The Ghost Wash House is located along the lower hillside on the north side of Camelback Mountain in Paradise Valley, Arizona. The site is flanked by two desert washes that move storm water from the top of this urban mountain into the valley below. Two long, thin tumbled brick bars run parallel to the east and west natural washes framing a third topographic condition or “Ghost Wash” that runs down the center of the site.
The east bar protects this architectural wash from the low desert sun that streams across the mountain in the morning. This bar houses the public ‘support’ programs of the house: garages, kitchen, office, and family dining room.
The west bar shields the occupants from the intense hot low west sun as it sets in the valley. It houses the private programs of the home: bedrooms, family room, and recreation space. The living and dining room make up the interior of long sequence of courtyards, gardens, and play areas that unfold along the Ghost Wash from the south entry to the north pool house.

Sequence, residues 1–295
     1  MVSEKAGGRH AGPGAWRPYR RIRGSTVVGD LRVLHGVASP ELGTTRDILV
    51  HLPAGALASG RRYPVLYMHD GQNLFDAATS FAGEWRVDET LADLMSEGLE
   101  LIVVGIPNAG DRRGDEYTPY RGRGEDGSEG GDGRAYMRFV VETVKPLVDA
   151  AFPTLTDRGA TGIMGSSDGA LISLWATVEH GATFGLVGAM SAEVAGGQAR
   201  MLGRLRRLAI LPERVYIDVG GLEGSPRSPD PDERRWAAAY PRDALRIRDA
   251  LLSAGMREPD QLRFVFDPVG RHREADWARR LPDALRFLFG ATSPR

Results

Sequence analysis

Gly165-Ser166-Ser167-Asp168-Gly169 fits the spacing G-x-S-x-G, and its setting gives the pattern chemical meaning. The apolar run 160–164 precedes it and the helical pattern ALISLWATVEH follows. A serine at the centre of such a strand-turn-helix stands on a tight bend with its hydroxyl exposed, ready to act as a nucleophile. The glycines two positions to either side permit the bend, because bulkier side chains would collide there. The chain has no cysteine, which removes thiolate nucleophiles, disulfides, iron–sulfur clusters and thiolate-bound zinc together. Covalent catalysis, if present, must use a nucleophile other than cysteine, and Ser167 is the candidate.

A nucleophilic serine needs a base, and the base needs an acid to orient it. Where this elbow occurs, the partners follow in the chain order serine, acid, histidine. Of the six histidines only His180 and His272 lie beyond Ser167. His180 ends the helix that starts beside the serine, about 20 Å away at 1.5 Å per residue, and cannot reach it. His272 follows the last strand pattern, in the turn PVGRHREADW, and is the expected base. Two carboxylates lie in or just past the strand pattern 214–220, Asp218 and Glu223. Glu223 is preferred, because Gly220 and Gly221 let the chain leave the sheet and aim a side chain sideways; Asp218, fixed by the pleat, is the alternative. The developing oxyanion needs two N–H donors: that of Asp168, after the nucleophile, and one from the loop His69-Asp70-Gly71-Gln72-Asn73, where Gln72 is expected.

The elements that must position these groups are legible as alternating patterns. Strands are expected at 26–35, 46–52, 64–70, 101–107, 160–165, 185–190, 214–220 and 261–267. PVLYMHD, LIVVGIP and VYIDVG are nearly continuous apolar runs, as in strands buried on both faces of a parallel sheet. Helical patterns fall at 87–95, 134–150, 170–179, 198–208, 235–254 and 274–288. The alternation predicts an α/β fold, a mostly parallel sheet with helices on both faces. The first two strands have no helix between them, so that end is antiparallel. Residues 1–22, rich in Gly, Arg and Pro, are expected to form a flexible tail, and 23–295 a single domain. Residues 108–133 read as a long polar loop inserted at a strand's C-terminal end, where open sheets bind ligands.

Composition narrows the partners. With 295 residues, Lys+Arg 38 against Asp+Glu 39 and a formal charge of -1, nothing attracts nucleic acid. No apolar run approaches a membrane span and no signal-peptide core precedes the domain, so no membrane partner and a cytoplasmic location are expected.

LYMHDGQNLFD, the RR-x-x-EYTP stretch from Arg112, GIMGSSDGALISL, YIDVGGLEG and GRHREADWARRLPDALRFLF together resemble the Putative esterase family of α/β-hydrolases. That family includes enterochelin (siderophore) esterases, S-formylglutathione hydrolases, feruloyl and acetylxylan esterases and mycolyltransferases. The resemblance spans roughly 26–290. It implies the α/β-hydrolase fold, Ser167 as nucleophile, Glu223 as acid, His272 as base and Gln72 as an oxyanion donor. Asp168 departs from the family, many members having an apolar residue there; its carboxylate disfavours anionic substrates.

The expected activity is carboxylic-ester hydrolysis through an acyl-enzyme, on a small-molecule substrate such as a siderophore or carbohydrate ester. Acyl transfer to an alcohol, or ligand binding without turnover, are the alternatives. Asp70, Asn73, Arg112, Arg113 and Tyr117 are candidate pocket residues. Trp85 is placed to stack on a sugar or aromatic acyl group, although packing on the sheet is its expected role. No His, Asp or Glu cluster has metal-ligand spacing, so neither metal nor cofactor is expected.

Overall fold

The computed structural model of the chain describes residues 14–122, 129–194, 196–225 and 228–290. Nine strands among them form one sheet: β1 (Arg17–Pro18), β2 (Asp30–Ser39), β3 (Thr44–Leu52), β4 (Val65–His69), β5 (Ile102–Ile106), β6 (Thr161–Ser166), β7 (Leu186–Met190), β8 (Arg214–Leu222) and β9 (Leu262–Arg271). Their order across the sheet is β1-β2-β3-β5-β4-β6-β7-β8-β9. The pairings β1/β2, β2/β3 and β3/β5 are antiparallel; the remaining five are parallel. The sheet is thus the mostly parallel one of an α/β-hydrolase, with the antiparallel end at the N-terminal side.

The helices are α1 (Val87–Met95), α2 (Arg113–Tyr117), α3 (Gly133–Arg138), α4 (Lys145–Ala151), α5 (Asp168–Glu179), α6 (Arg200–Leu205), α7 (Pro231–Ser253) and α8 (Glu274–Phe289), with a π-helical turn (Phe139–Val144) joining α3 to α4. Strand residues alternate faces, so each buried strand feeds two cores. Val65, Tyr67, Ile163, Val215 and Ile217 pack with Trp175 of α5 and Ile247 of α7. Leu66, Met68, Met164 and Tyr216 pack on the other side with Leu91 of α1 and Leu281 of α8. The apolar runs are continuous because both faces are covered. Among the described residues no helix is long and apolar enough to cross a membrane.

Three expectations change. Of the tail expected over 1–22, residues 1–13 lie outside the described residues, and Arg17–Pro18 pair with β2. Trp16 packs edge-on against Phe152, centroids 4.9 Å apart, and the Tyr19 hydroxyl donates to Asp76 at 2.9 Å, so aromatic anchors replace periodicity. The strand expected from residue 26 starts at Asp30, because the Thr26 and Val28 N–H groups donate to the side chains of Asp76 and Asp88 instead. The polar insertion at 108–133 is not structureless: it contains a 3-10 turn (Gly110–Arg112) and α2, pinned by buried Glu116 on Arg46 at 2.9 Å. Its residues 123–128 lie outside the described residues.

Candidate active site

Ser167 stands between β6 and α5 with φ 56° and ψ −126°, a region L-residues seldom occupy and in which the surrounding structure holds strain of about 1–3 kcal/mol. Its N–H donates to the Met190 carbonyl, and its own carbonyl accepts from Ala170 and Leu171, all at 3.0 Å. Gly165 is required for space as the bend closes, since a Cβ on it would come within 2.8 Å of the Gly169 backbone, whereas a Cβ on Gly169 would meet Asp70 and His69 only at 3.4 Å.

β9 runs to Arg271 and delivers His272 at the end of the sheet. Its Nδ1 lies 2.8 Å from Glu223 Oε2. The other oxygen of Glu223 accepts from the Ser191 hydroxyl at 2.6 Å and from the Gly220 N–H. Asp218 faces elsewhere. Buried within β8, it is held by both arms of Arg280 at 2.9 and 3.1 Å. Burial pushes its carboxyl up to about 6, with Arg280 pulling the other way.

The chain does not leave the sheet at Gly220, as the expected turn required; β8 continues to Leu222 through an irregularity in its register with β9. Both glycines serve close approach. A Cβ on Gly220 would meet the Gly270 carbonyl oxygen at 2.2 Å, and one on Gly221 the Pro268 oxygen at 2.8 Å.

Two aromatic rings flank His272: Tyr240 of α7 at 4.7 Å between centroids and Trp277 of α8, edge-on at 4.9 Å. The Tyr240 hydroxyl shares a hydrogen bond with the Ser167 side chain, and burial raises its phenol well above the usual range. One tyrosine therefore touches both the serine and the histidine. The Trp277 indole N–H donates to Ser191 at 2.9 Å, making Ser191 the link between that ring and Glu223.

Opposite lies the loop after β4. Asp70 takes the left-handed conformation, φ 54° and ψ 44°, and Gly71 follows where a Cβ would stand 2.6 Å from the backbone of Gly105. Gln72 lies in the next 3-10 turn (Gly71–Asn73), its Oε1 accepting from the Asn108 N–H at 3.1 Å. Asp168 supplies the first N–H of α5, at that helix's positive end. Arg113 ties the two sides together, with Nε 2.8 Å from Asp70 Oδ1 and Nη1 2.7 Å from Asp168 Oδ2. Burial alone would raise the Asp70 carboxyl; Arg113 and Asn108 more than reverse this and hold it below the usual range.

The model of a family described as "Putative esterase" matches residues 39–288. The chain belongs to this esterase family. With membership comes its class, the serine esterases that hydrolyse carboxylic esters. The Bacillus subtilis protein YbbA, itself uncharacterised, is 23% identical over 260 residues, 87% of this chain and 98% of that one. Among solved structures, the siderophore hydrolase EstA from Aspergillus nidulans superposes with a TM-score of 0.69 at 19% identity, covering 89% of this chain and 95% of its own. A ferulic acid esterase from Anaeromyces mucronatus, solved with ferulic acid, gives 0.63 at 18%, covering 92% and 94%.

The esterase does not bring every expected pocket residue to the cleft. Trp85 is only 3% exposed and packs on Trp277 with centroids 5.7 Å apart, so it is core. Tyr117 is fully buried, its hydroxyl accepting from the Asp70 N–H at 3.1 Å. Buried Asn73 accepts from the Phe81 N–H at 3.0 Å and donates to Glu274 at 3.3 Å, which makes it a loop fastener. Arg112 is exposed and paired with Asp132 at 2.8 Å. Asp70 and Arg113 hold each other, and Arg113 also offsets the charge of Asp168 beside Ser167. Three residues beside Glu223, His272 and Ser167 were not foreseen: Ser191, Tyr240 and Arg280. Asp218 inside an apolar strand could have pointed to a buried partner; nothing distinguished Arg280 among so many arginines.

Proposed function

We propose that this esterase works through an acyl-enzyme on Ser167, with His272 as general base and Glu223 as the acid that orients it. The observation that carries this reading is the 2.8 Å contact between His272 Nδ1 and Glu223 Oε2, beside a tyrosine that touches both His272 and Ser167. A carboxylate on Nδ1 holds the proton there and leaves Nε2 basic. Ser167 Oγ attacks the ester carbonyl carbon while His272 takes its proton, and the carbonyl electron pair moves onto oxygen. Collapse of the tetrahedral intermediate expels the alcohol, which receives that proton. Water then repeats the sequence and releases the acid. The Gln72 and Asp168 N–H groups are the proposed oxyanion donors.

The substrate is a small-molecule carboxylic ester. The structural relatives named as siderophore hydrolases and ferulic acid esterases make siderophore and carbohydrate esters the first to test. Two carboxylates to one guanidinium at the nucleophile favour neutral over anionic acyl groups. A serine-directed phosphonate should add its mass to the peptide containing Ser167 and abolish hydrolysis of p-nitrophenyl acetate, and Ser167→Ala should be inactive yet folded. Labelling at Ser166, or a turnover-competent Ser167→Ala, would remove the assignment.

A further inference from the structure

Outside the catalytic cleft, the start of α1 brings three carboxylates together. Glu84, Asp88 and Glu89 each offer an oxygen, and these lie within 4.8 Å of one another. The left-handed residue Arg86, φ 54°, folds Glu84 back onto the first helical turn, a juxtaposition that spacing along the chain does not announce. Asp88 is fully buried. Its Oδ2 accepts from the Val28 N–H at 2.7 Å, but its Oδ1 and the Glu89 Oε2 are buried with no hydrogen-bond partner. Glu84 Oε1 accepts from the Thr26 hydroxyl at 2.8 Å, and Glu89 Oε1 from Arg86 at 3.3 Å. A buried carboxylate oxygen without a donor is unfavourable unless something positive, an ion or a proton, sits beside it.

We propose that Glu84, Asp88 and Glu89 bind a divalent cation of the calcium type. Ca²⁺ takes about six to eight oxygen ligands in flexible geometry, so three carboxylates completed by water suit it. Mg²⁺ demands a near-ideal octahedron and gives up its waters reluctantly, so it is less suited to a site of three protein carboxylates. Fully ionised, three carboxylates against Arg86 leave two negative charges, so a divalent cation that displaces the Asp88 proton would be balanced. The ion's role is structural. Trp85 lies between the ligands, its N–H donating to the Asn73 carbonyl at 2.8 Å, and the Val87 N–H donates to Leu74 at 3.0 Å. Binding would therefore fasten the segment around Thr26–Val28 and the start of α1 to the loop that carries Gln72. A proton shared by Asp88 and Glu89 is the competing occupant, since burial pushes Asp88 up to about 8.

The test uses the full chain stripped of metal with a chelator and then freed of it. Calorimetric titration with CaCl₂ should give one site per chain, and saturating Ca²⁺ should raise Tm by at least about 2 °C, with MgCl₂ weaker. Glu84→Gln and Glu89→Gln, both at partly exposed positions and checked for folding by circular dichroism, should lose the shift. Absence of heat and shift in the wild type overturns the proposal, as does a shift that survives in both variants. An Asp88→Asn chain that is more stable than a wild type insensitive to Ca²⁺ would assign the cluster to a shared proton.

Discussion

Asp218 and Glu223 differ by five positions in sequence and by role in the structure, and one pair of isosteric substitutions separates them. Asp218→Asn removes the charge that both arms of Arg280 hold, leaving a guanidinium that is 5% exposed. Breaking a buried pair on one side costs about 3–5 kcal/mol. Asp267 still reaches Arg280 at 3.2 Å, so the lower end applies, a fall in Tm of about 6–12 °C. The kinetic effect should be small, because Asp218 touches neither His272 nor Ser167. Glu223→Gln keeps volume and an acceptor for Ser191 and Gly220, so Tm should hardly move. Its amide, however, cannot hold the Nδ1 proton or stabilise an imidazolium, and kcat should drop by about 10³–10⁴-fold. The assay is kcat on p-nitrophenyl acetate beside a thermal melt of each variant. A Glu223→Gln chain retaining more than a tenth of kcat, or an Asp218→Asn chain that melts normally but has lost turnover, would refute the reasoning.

This linear amenity is punctuated by a massive floating roof that provides the infrastructure of storm water collection and solar power to the 8,500 sq.ft. house and landscape. As the primary organizing device for the house this central amenity infrastructure takes its cues from the nature of the Sonoran Desert.
Similar to the nurse tree that shields a young cactus from the extreme heat and sun, the large roof protects the primary living spaces of the house (kitchen, dining room, living room, and family room). Its shade, power, and water both physically and symbolically nurture the life of the house.
In much the same way that desert washes provide a habitat and an ecosystem that facilitates desert life and connectivity, the Ghost Wash protects, connects, and facilitates the indoor and outdoor life of the residence. The Ghost Wash House is not a house in the desert, but a house of the desert.